Pest Control and Babies

Bug Master Truck 133x100I got the idea to write this post from my best friend, who is going to be having twins soon, which means I’m going to be a godfather!

Anyway, I was talking to him the other day and he asked me about professional pest control service around his kids. He lives in a scorpion and spider prone area, and has had service from us basically since he bought his house, but wasn’t sure about pesticide around his kids. This is a great question that I’m sure would be on the minds of any new parent thinking about pest control. In fact, we get this question all the time.

So the basic question is: how big of a risk is a pest control service to my baby?

There are a million ways to talk about this—but for me the four basic points are:

1) Toxicity

2) Allergies

3) Residual

4) Bugs

If someone reacts to a pesticide, they are going to react for one of two reasons, toxicity or allergy. You see allergies most commonly around botanical materials (used heavily in organic services).

Toxicity is easy to predict. Toxicity is actually measured scientifically and using this measure, different materials can be compared. Not to dismiss the concern, but today’s pesticides have toxicities that pose far less risk than standard residential cleaners. Using standard cleaners, according to toxicity can be more risky than using pesticides.

Allergies are hard to predict, and can be even harder to figure out. Most of the allergies that I’ve seen are related to botanical pesticides, which are just pesticides derived from plants. Some people are still more comfortable with botanicals and I’m happy to use them, I think they are great products, but I think they are less predictable, so they aren’t my personal preference.

Residual is how long the pesticide is around, where it’s around, etc. Today’s pesticides for the most part are designed to breakdown in 30-60 days depending on the conditions. Treating once every three months, you are letting the material breakdown, and then re-applying so you don’t have the residual build-up. On another note, there are numerous pesticides that can be placed in stations and completely removed from the site when no longer necessary (this is a great feature of baits).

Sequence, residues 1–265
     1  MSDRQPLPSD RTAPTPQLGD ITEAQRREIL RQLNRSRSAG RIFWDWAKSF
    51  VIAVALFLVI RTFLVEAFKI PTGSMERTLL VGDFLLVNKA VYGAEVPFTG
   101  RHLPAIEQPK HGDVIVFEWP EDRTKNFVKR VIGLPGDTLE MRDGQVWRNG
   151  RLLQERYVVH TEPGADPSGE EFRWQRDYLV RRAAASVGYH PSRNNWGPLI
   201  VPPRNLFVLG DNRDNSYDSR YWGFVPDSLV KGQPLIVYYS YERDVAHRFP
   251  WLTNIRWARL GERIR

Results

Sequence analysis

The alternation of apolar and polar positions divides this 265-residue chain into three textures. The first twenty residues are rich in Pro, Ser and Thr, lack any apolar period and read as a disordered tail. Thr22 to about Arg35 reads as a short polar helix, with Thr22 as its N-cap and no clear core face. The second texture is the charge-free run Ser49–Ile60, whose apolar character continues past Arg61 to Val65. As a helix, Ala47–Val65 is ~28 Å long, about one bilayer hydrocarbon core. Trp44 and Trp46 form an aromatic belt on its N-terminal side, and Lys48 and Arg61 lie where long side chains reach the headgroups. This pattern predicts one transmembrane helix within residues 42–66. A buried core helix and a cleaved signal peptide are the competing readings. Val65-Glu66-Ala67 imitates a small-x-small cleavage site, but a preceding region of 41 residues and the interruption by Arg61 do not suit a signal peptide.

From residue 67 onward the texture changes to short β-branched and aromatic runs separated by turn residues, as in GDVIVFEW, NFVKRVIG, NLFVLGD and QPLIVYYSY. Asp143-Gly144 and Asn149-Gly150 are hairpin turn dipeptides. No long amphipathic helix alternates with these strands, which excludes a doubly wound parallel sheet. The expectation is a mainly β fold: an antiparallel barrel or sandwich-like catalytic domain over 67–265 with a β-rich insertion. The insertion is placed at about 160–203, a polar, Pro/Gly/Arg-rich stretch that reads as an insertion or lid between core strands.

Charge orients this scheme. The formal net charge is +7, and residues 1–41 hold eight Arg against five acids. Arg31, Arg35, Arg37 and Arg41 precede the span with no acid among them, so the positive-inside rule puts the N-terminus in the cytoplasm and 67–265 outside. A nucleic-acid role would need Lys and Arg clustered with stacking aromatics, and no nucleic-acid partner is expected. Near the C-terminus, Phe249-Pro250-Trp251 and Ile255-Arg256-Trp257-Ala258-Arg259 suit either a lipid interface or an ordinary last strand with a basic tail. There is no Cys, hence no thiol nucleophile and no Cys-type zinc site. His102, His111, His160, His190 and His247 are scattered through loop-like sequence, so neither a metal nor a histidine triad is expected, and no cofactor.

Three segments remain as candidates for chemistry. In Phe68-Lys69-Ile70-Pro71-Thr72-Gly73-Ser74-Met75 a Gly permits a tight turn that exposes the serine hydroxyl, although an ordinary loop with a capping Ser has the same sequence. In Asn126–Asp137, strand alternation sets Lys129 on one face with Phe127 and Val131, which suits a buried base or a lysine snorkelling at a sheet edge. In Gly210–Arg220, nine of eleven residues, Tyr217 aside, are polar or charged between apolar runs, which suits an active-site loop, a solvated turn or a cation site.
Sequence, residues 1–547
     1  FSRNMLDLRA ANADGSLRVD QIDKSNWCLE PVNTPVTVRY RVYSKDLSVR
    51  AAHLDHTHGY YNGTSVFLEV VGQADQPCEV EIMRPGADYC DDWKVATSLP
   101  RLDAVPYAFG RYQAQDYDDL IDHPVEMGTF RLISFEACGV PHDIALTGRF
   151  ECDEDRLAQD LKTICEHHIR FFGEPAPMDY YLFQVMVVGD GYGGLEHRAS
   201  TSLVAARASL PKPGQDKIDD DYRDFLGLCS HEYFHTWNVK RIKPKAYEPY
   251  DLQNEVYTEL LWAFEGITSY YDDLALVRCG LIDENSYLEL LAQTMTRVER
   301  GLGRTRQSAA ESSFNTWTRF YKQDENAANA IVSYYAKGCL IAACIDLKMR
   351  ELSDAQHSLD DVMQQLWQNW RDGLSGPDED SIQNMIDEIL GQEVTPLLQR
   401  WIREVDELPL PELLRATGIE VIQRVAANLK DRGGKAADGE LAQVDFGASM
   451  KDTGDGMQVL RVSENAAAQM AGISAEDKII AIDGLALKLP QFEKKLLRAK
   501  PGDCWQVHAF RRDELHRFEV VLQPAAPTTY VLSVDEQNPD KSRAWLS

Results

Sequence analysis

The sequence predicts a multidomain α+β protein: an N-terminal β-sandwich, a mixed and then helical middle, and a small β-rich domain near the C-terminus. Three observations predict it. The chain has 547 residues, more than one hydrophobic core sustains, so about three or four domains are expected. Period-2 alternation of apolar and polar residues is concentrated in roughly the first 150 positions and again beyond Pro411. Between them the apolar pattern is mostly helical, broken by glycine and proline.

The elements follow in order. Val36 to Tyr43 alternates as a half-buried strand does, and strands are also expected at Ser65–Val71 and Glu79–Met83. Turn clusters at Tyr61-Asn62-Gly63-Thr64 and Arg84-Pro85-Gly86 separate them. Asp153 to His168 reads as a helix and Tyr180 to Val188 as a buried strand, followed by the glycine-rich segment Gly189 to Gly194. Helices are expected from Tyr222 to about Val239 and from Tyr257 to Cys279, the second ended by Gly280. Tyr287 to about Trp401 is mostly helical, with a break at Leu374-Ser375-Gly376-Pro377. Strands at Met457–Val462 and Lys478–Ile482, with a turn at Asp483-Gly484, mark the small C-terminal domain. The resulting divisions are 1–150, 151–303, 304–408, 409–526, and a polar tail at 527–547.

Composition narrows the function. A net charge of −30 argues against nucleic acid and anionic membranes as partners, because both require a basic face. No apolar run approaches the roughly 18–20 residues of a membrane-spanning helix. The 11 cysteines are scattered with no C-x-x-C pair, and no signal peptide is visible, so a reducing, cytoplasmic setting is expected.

Bugs will continue to be a problem if they have historically been one. If you want to keep the population down, the best approach, especially to minimizing the tough predator bugs (predators tend to be the bugs people hate, like scorpions) is to treat regularly with small amounts of pesticide.

So here is how I put all this together.

  • If you want to keep bugs away, you have to treat sometime. Treating regularly means less material has more effect because there are just fewer bugs to kill, and there are fewer predators (like scorpions) attracted to the area so you are dealing with pests that just aren’t as tough like ants and roaches (not tough compared to a centipede).
  • Toxicity and allergies are the risks of treatment, and we want to minimize them, so keeping the treatment outside is ideal and completely practical using a regular pest control service. I know that people are going to use the yard, but kids tend to spend more time crawling around your baseboards than your foundation, so in that respect, its better. Also, remember, todays pesticides pose less risk than your household cleaners measured in simple toxicity.
  • Using regular sprays outside should mean you don’t have to use sprays inside. In many cases we can effectively use baits indoors (remember removable) which are great from the perspective of exposure and residual because when the problem is gone they can simply be disposed of and there is no more exposure.

Basically, it’s a great concern, and something that a parent would want to pay attention to. If done right treatment shouldn’t pose a significant concern, and neither should bugs. I hope that helps answer some questions!

Thanks for reading and if you have questions you’d like answered I’m sure other folks do as well so feel free to ask any question you have and I’ll give you the best answer I know!